Andrew Pimm, Tim Cockerill and William Gale
Decarbonising industry while maintaining economic competitiveness and improving living standards is one of the main challenges of reaching net zero targets, and low-carbon process heating will play a key role in this. In this work we investigate the potential to reduce the energy demands of hydrogen-based industrial heating systems using very high temperature reverse Joule-Brayton cycle heat pumps as preheaters, considering their economics and technical challenges. A thermodynamic process model is used to assess performance at temperatures of 300–500 °C, and cost optimisation is used to conduct cost-benefit analysis of preheating green hydrogen using heat pumps. It is found that over this temperature range, heat pump coefficient of performance lies in the range 1.4–1.7, with the turbine meeting 30–40% of the compressor load. At the electricity prices currently paid by heavy industry in Western Europe, levelised cost of heat from these heat pumps would be less than 4.5p/kWh. Using 500 °C heat pumps as preheaters in hydrogen heating systems could reduce hydrogen demands by over 20% and provide savings on the cost of green hydrogen of at least 8% out to 2050. With process heat accounting for three-quarters of industrial energy use and half of this being at temperatures above 400 °C, these savings are significant and suggest that very high temperature heat pumps could make an important contribution to industrial decarbonisation.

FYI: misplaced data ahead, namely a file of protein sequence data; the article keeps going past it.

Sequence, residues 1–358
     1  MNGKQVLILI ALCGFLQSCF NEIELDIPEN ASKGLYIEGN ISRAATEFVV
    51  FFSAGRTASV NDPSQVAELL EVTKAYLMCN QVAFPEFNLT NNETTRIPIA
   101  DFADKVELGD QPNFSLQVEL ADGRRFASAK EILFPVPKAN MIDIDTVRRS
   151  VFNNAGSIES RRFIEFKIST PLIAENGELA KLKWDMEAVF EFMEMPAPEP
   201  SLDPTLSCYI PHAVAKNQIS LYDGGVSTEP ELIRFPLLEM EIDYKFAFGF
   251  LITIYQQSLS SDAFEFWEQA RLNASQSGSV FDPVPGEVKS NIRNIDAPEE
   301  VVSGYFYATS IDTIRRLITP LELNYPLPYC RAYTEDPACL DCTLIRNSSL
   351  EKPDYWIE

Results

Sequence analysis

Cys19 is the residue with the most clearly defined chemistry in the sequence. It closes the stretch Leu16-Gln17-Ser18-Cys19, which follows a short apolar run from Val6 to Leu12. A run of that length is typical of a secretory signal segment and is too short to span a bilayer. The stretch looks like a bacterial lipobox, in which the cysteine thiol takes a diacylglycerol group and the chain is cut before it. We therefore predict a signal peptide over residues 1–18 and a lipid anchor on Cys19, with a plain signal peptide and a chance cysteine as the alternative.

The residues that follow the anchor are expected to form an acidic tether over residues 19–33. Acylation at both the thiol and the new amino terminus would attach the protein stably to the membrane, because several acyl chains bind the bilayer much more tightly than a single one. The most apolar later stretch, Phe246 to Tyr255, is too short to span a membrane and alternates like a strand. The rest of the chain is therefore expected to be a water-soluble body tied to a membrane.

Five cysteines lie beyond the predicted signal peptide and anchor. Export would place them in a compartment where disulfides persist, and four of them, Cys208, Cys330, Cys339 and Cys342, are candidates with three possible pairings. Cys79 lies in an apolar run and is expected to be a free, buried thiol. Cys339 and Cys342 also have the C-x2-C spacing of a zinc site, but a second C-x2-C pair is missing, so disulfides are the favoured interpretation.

Pimm, A.J., Cockerill, T.T. and Gale, W.F. 2023. Reducing industrial hydrogen demand through preheating with very high temperature heat pumps. Applied Energy, 347: 121464. doi: 10.1016/j.apenergy.2023.121464Opens in a new tabOpen access
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